The depth of respiration increases, and a person may breathe through an open mouth instead of through the nasal passageways. This further increases heat loss from the lungs.
In contrast, activation of the brain’s heat-gain center by exposure to cold reduces blood flow to the skin, and blood returning from the limbs is diverted into a network of deep veins. This arrangement traps heat closer to the body core and restricts heat loss. If heat loss is severe, the brain triggers an increase in random signals to skeletal muscles, causing them to contract and producing shivering. The muscle contractions of shivering release heat while using up ATP. The brain triggers the thyroid gland in the endocrine system to release thyroid hormone, which increases metabolic activity and heat production in cells throughout the body. The brain also signals the adrenal glands to release epinephrine (adrenaline), a hormone that causes the breakdown of glycogen into glucose, which can be used as an energy source. The breakdown of glycogen into glucose also results in increased metabolism and heat production.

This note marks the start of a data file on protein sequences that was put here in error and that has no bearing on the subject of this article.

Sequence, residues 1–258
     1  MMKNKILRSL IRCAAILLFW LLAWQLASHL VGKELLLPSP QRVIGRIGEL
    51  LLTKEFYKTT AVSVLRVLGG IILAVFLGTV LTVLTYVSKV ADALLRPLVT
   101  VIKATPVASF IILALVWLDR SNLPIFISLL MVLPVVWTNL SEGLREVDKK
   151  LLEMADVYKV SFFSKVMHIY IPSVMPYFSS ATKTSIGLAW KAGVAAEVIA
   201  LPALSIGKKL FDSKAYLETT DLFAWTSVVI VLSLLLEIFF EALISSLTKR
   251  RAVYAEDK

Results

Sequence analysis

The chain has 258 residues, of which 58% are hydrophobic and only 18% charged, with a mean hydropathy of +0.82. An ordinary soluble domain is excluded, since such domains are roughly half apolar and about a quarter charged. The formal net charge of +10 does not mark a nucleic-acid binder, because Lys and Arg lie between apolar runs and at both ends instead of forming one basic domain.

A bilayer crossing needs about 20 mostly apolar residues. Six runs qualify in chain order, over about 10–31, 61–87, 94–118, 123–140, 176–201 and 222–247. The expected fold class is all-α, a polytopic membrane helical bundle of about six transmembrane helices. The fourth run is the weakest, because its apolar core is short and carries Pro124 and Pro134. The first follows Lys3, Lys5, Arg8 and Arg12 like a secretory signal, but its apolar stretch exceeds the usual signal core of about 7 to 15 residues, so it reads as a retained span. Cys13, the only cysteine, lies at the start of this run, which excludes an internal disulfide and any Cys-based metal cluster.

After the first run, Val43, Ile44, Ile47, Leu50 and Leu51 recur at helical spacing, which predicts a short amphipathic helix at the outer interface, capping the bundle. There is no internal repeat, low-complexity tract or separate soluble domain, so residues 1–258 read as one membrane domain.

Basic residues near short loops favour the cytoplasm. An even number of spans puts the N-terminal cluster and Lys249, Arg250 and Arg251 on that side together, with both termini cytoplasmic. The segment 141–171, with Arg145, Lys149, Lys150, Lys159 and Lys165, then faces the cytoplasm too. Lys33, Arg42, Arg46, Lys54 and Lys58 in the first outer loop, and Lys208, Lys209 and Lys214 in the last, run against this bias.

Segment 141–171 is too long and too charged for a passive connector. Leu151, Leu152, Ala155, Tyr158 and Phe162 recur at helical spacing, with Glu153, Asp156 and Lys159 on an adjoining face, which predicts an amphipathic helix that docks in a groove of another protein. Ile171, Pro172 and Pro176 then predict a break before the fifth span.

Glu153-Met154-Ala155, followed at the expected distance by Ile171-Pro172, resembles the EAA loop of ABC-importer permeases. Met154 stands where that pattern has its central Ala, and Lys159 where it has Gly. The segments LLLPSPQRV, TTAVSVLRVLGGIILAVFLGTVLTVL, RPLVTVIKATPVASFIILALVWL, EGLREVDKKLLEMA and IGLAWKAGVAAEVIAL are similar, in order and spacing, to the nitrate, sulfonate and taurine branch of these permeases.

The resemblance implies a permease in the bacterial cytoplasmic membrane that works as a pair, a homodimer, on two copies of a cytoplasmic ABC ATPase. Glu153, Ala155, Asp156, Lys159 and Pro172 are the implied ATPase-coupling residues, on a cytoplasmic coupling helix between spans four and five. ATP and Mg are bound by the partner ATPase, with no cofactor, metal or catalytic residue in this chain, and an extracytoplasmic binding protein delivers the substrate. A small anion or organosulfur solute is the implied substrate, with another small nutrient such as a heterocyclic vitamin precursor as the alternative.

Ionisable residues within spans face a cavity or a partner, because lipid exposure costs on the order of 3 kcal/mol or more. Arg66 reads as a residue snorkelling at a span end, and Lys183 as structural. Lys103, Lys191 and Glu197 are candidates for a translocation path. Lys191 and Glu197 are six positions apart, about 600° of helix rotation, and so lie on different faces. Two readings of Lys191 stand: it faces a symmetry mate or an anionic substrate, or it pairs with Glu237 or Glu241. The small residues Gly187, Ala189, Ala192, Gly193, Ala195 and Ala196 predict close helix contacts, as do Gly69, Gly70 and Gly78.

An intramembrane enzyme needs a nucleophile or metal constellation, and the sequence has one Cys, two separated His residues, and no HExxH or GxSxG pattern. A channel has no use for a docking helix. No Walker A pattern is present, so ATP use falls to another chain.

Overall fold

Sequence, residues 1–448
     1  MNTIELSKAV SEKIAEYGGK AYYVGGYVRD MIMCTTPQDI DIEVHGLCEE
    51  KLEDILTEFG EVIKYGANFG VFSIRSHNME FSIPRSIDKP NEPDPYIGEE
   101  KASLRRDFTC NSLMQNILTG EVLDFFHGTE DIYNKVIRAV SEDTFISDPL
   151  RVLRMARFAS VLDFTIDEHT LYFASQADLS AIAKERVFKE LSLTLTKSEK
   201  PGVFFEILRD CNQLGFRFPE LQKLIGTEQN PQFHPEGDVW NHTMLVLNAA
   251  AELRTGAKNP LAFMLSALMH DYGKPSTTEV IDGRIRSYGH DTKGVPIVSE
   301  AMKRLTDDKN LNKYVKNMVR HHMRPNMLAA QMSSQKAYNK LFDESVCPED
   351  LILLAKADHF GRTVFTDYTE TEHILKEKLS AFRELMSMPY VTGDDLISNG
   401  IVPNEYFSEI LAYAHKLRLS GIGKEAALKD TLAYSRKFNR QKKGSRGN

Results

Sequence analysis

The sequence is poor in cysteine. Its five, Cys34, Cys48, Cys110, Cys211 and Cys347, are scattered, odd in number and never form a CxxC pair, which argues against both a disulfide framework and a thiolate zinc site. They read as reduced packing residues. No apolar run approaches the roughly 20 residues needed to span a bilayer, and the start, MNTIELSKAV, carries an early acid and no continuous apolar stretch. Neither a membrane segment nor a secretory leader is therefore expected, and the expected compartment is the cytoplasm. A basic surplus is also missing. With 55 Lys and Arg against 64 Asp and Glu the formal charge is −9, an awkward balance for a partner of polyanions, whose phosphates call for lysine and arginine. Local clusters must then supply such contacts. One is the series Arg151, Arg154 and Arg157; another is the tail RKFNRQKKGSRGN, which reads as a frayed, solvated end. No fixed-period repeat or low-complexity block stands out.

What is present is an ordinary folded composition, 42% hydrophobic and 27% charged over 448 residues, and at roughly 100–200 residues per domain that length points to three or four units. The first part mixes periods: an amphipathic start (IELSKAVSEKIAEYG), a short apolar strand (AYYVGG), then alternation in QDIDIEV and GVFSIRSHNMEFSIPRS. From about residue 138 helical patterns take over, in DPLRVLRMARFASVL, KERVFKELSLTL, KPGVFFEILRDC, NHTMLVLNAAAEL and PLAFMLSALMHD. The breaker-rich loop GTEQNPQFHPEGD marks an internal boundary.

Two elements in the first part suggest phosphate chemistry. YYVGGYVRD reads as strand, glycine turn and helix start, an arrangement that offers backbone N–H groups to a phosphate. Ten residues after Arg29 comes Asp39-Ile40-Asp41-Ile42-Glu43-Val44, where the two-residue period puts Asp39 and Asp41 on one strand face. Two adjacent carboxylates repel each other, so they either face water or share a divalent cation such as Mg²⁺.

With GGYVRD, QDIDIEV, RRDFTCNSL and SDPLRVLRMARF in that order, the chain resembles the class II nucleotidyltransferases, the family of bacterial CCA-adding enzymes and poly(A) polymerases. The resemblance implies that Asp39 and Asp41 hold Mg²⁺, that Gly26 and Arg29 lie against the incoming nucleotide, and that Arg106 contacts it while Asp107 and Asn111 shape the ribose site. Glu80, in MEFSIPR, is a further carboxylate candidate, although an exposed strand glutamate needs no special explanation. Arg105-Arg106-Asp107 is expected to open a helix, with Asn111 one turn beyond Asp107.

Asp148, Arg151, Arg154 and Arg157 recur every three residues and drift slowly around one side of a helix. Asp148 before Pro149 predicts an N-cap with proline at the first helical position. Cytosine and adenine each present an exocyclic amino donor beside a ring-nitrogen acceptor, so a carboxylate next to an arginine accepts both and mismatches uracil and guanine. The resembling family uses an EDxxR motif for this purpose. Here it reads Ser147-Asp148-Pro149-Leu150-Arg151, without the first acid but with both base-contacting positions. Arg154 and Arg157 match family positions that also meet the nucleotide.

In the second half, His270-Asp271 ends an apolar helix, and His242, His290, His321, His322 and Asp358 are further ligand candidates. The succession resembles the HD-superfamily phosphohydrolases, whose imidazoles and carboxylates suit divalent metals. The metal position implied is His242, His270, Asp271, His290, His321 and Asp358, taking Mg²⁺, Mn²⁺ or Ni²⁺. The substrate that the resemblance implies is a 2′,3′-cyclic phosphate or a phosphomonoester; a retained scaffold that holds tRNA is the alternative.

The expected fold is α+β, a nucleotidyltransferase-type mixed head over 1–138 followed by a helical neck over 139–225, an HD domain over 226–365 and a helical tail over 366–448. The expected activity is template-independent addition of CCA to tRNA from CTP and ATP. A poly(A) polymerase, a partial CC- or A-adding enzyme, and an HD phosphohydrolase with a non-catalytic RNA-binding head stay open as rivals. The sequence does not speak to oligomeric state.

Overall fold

Positive Feedback

Positive feedback intensifies a change in the body’s physiological condition rather than reversing it. A deviation from the normal range results in more change, and the system moves farther away from the normal range. Positive feedback in the body is normal only when there is a definite end point. Childbirth and the body’s response to blood loss are two examples of positive feedback loops that are normal but are activated only when needed.
Childbirth at full term is an example of a situation in which the maintenance of the existing body state is not desired. Enormous changes in the mother’s body are required to expel the baby at the end of pregnancy. And the events of childbirth, once begun, must progress rapidly to a conclusion or the life of the mother and the baby are at risk. The extreme muscular work of labor and delivery are the result of a positive feedback system (Figure 1.11).

Figure 1.11 Positive Feedback Loop Normal childbirth is driven by a positive feedback loop. A positive feedback loop results in a change in the body’s status, rather than a return to homeostasis.